First thing’s first: there are rules that govern what can be considered legitimate Mobile Frame Zero fan material. They can be found here (link). With that out of the way, I would like to look through various sources (the forums, really) and bring as much information together from the fan-made material as possible. I, of course, do not hold the copyrights of any of these comments, stories, and names, but if anyone has an issue with me using them in this way please do let me know.
I intend to make and update a page specifically as a sort of reference style-guide for what can be considered Canon in the MFZ universe, which can be found at https://cheapmfz.wordpress.com/mfz-style-guide/. Some examples follow. If you have any recommendations or suggestions, please do leave them in the comments!
Arms and ammunition:
The Solar Calendar encompasses lots of different levels of tech, and gleefully embraces them all. SU military frames with beam swords clash with Free Colony conscripts armed with crowbars. You could have a converted rivet gun driven by muscle cylinders that you use to dakka Ijad ghanats. Soren has a picture of a frame on here somewhere that is using a crossbow grenade launcher. Lowest Form of Wit had an awesome frame that was using a compound bow. You could have a frame that smashes cannonballs at the enemy by swinging a giant bat. If it works, then it gets used. The nice thing about the rules is, you don’t get penalized for being low tech or get advantages by being high tech. A converted mining laser is just as good as a gyrostabilized bin-fed rail gun. So…if you want your cutting edge TEM frames to be sporting caseless firing assault rifles…I’d say the liklihood is definitely there.
Frame-scale automatic weapons are typically revolver cannon in the 25-30mm range, firing conventional cased ammunition at around 450-750 rpm; usually electrically-fired, and sometimes with more exotic propellants than nitrocellulose, but nothing a modern tank armorer couldn’t figure out in an afternoon. Simple cheap reliable stuff. Some unguided rocket launchers use gyrojet-style ammunition for simplicity and to achieve a higher rate of fire.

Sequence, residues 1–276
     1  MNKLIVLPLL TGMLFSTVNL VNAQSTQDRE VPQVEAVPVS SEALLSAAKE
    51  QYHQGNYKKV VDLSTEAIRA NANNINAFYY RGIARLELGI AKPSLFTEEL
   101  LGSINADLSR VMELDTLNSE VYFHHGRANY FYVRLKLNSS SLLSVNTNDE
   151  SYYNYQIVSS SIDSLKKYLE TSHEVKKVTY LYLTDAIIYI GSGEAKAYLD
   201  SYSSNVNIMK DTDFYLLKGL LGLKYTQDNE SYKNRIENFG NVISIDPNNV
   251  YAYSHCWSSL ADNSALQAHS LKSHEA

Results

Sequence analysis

Railguns: I love me a good railgun, but they’re support weapons due to rate of fire and power supply issues. The main advantage of a railgun on land is penetration, and there’s not much need for that. They’re mostly used as long-range artillery and spacecraft weapons.
Coilguns: the biggest advantage to a coilgun is that Free Colony cells with access to a lot of industrial power-switching gear can make weapons that will throw cheap, inert ferrous ammunition. Otherwise, lots of the same problems as railguns for not much advantage.
Caseless ammunition: Atavism has it in one; fractionally beneficial in certain corner cases, big disadvantages in logistics and handling safety. It’s easier to cook off caseless ammo during sustained fire, it’s harder to keep it shelf-stable or salvage it if it gets wet, it degrades more rapidly over time, it’s harder to manufacture, etc. There are probably a few weapons with combustible/consumable casings, disposable weapons or magazines that are factory-packed, but as there’s little need for higher rates of fire against land targets and lasers are more effective against aircraft (and where they’re not, missiles work just fine), not many of them.
Colonies are launched as private ventures with, how should I put this… variable… degrees of preparation and planning. Some planners do a good job of providing for a minimum standard of living and others do a terrible job. A few hundred thousand people with prefab factories and some imported heavy equipment would be a middling-reasonable sort of colony. Ten thousand people living in shacks and buying imported goods from the company store (with company scrip, at a 40% markup; talk about captive markets) would be an awful sort of colony. Most fall somewhere in between.
Several colony worlds are up around the sixty- to hundred-million mark; about what you need to build and sustain an industrial economy capable of designing and building giant robots of your own. Most of that is natural increase since those colonies were settled; shipping people is expensive enough that it’s easier to pursue natalist policies on the other end, although it still happens because even large colonies are hungry for labor. Some people have sufficiently valuable skillsets to get shipped from colony to colony on assignment, while others are simply there for warm-body jobs requiring the ‘right’ (Earth-centric) mindset.
There are a few colonial universities (like the Peloto Polytechnic College, where the Hi-Leg was developed), and many local branches of Earth, Martian, and Jovian universities on colony planets.
Past that on the scale, Shebehu, not a colony per se, has several billion Ijad and an unknown number of potential host bodies, human and otherwise.
Keep in mind: “Several hundred million” is a lot of people. But I’m picturing something like half the population of Europe, spread out over an entire planet. That means that, scattered throughout the volume of the Solar Unions are cities like Tangier, Boston, and Edinburgh; not Kinshasa, New York, Tokyo, or Mexico City.
-Joshua A. C. Newman,
Transit Gates, size:
If it’s not big and powerful enough to send fleets of ships to other systems, it’s not worth the expense of building. So smaller short-range gates might bepossible, but they don’t exist.
Transit Gates, amount:
You’d need some pretty exceptional circumstances to justify building multiple transit gates in the same system, especially just for zipping between planets. Gates are expensive, and I’m pretty sure ships can travel between planets just fine on their own.